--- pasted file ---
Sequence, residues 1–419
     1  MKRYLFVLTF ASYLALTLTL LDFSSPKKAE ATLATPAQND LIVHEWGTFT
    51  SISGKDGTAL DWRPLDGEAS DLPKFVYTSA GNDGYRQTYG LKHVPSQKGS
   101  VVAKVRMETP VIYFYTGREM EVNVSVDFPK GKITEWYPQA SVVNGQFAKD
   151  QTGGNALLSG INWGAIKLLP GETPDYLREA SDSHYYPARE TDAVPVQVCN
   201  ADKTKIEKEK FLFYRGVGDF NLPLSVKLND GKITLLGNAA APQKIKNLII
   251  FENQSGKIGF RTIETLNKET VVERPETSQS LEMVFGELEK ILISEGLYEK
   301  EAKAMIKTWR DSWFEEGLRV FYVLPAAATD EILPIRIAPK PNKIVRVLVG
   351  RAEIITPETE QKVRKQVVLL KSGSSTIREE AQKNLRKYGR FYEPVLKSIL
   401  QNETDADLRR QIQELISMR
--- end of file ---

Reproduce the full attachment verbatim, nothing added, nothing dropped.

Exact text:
Sequence, residues 1–419
     1  MKRYLFVLTF ASYLALTLTL LDFSSPKKAE ATLATPAQND LIVHEWGTFT
    51  SISGKDGTAL DWRPLDGEAS DLPKFVYTSA GNDGYRQTYG LKHVPSQKGS
   101  VVAKVRMETP VIYFYTGREM EVNVSVDFPK GKITEWYPQA SVVNGQFAKD
   151  QTGGNALLSG INWGAIKLLP GETPDYLREA SDSHYYPARE TDAVPVQVCN
   201  ADKTKIEKEK FLFYRGVGDF NLPLSVKLND GKITLLGNAA APQKIKNLII
   251  FENQSGKIGF RTIETLNKET VVERPETSQS LEMVFGELEK ILISEGLYEK
   301  EAKAMIKTWR DSWFEEGLRV FYVLPAAATD EILPIRIAPK PNKIVRVLVG
   351  RAEIITPETE QKVRKQVVLL KSGSSTIREE AQKNLRKYGR FYEPVLKSIL
   401  QNETDADLRR QIQELISMR